It was, as Paul and Phil would say, quite unbelievable.

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But, of course, my cheering was focused elsewhere. I was fighting a futile battle with Vino. I cheered for him, but of course he spent most of the day helping T-Mobile or struggling to keep up. He did manage to keep in the top ten, but didn't gain any more time. It seems, much to my chagrin, that Vino's chances to be on the podium, much less win the tour, have all but vanished.

But all was not, in fact, lost. The rest of the time I spent cheering on Michael Rasmussen. I know he couldn't hear me, but I was yelling at my TV all over again. I really didn't want him to lose second, but seeing that he couldn't keep up with Ullrich, Basso and Armstrong, I realized that third was going to be his best bet. And so I shouted, sitting on the edge of my bed, and held my breath.

And then the most amazing thing happened. Ullrich had been dropped, eventually to be picked up by his teammate Sevilla, and as they were approaching the finish, the camera pulled back a bit. And who was there, closing in on Ullrich and Sevilla? Michael Rasmussen. He'd ridden with Vino, then past him. Then he'd slowly picked up the pace and there was no way he wasn't going to be in third at the end of today's stage.

"I wanted to stay in the race for the podium, but at first, it was a matter of controlling at not letting any dangerous people get away as far as the [mountains] jersey goes," Rasmussen said after the stage. "It's almost practically impossible that I lose the jersey right now, so yes, I can focus 100 percent on the podium. I'm very happy with the way things are going." (cyclingnews)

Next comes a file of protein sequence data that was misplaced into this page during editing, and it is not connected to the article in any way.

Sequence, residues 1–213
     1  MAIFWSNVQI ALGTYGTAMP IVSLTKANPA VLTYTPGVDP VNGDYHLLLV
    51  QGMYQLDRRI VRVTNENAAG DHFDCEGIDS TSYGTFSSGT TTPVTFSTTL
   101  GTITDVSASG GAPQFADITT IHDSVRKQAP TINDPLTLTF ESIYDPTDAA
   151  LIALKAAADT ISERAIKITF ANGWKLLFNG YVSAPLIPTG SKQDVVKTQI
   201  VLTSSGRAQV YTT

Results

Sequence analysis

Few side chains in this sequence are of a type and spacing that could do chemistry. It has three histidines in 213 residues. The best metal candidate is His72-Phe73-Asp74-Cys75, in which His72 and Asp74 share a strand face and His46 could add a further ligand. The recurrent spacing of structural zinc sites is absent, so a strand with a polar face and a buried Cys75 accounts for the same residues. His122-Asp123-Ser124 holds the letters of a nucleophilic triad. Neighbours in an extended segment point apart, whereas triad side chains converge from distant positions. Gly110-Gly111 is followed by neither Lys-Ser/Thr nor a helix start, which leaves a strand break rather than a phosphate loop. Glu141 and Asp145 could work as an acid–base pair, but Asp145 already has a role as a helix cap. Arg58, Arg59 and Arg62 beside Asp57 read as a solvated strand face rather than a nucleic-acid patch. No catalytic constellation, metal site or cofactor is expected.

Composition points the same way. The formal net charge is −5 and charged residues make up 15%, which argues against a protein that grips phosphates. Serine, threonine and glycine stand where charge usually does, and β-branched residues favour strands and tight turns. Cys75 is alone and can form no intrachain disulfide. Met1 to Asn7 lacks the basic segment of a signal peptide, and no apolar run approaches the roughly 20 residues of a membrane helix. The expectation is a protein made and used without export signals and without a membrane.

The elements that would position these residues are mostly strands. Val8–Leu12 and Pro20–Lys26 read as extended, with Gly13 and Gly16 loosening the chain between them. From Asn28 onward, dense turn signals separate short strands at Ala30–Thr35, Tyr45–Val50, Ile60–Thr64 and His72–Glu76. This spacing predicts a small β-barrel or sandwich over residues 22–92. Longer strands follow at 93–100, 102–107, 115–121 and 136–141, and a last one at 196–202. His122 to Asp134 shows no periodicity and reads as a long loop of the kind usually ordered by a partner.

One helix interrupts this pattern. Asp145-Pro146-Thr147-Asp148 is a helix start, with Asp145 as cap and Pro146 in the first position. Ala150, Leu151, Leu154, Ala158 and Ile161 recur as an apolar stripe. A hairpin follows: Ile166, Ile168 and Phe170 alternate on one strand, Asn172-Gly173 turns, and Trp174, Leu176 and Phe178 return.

I do really hope he can pull it out.

But now all was happiness today. And I'm not talking about all the cyclists who had to suffer through the attacks and road the stage out at the back of the peloton. Instead, I'm talking about the rider who wanted to win the stage almost as badly (or maybe even moreso) than Hincapie. That would be Oscar Pereiro, who Hincapie battled it out with (or, rather, sprinted past) to win. Perhaps it should have been Pereiro who won, as he did almost all the work after the rest of the break faltered around the two of them.

Said a rather pissed Pereiro at the finish line: "I asked him [Hincapie] to work, as we had to collaborate to battle it out in a sprint - but he didn't. Sometimes it's not the strongest that wins. I think I showed I was one the guys that wanted this stage the most. I thought there was victory in it for me, but that's life... I'll continue trying and one day I hope to be rewarded. Now, I'll continue to help Floyd [Landis] get on the podium." (cyclingnews)

I'd be pissed, too. It was obvious what Hincapie was doing, but then again, would Pereiro have done the same thing if he were in Hincapie's position? Probably. As he said, that's life. And, well, it is. I hope that he finds a stage win soon, if only to ease the irritations of this one.

Well. It was a wild stage, not nearly as exciting as yesterday, but just as interesting. Tomorrow is the rest day, then only six more days of racing. I can't wait.

One last thing, probably one of the coolest pictures I've ever found. And so I thought I'd share.